Vegas’s Lack of Creative Culture Proves Florida’s Point

Richard Florida is something of a utopian. [“Why I Don’t Love Richard Florida”] I’m guessing that you’re writing from the perspective of someone who lives in New York City, where you can’t throw a brick without hitting 17 performance artists. One of the biggest problems in large cities with long-lasting artist districts is that they’re inevitably taken over by the kind of uninteresting yuppies who want to surround themselves with culture that they’re not capable of making themselves. As a creative center, this is one of the many burdens that New York City must suffer.

I live in Las Vegas, which is primarily a service industry town—with occasional forays into construction, because the only good casino is a brand-spanking-new casino. Las Vegas has no cultural core at all. There are a few people who are trying to convince the rest of us that downtown Vegas is going to be the new hip hot-spot, but the current revitalization of downtown is entirely artificial. Because of this total lack of culture, Vegas has always had a difficult time attracting “creative” industries, such as the tech industry, which would help to vitalize Las Vegas’s cultural scene.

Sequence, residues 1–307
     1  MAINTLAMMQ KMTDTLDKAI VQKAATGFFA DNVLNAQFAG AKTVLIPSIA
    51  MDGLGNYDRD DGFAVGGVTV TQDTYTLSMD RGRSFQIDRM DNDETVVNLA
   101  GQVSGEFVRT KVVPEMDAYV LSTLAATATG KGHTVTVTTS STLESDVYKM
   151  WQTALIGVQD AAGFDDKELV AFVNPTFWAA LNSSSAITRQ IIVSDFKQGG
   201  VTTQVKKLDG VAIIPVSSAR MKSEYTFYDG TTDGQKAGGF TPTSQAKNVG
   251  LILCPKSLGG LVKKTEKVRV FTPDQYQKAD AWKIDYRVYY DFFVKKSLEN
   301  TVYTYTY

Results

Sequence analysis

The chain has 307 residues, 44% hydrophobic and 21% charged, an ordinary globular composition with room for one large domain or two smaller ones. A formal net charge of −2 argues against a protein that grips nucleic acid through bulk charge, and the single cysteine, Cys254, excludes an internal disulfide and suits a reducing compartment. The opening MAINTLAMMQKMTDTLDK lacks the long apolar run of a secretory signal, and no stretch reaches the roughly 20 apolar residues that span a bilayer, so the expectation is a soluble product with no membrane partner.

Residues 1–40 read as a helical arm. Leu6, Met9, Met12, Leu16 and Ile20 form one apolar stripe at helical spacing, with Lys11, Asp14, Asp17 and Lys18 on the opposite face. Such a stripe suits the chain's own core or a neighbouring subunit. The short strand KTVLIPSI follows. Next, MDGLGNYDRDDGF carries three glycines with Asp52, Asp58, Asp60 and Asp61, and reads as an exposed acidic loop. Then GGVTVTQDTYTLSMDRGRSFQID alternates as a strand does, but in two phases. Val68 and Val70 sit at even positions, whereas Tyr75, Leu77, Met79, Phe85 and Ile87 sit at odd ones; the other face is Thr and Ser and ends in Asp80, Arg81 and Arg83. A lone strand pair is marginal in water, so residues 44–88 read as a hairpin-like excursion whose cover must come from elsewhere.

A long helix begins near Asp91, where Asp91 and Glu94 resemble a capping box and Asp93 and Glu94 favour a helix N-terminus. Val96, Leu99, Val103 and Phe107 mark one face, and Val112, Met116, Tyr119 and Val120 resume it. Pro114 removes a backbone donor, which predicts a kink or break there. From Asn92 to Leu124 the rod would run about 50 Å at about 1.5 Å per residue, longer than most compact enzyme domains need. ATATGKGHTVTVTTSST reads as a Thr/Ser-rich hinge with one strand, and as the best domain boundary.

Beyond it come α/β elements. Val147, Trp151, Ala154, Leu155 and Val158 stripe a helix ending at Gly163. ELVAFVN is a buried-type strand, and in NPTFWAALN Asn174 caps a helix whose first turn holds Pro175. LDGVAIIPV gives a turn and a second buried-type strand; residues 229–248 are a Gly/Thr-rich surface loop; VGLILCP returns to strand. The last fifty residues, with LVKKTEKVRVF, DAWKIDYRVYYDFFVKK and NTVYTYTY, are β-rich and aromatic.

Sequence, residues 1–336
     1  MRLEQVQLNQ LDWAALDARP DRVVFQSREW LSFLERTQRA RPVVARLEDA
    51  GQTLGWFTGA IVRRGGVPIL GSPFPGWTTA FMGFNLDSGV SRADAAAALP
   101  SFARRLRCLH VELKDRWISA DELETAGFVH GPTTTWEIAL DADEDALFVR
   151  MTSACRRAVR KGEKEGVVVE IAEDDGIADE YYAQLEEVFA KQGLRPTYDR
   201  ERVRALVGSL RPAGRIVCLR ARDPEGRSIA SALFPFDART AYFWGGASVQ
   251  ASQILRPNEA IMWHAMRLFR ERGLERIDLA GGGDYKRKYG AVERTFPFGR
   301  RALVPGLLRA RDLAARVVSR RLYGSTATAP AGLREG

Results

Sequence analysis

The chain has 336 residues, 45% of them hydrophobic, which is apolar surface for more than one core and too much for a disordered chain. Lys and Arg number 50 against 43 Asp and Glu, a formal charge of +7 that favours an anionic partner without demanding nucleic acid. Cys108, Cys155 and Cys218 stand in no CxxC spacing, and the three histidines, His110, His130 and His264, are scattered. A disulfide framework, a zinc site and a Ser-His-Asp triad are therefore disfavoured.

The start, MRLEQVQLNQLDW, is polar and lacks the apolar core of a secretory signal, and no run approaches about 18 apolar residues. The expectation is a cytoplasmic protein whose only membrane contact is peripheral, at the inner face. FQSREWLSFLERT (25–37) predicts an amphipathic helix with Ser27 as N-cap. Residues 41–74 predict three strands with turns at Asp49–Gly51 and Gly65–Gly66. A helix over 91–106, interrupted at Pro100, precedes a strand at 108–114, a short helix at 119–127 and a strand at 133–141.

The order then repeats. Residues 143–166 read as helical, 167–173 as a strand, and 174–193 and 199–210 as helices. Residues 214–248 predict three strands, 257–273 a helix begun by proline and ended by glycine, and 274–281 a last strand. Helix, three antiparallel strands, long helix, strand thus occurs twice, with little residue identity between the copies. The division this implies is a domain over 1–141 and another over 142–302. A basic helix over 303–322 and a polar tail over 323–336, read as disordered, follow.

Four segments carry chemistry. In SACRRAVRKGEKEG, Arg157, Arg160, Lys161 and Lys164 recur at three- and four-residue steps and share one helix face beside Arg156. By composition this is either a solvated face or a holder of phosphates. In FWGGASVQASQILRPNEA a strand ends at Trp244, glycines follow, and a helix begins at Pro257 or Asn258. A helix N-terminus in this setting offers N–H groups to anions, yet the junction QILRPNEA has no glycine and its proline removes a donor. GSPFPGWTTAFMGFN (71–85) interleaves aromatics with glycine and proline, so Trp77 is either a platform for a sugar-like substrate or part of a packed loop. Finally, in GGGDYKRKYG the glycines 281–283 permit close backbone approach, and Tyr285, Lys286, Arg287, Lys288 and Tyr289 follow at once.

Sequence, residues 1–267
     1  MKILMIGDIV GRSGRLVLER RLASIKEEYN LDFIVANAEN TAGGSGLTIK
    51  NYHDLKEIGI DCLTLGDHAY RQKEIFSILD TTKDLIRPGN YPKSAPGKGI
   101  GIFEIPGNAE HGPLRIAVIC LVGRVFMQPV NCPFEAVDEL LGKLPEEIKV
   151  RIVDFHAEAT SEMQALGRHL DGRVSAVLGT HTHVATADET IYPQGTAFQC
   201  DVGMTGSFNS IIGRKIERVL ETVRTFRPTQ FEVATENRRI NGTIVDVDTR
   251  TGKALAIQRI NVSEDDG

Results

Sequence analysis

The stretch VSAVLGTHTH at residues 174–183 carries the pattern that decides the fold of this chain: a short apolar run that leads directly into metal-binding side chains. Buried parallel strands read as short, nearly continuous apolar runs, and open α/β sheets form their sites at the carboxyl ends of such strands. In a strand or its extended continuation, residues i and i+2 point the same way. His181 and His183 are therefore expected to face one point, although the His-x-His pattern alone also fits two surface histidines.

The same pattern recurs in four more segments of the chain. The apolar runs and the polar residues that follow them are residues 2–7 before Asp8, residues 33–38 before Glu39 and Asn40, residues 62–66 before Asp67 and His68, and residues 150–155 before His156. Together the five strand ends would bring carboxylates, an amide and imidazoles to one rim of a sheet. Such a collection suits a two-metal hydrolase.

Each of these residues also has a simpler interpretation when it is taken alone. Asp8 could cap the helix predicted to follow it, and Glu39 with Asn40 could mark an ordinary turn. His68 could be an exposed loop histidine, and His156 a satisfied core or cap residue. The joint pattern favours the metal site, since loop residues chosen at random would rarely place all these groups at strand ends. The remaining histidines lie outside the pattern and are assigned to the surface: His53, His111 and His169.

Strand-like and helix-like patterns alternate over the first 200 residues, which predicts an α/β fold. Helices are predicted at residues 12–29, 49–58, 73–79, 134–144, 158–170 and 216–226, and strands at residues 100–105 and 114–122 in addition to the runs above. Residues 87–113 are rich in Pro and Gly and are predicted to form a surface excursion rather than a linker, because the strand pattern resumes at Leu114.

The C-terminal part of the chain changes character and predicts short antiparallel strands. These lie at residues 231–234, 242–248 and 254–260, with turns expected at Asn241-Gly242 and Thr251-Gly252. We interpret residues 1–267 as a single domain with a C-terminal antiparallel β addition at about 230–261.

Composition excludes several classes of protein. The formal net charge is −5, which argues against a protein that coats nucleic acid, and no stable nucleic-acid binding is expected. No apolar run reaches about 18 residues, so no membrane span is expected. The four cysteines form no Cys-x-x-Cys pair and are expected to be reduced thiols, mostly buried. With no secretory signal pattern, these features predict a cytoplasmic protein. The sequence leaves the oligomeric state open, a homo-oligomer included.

I’m not suggesting that Florida is right on all counts, but he does have a certain point: if a city wants a thriving, diverse economy, it needs a thriving, diverse cultural scene. People in places like New York City take that for granted. But believe me, having a total lack of it can be maddening.

Josh Ellis
Creative Lead,
Columnist, Las Vegas City Life

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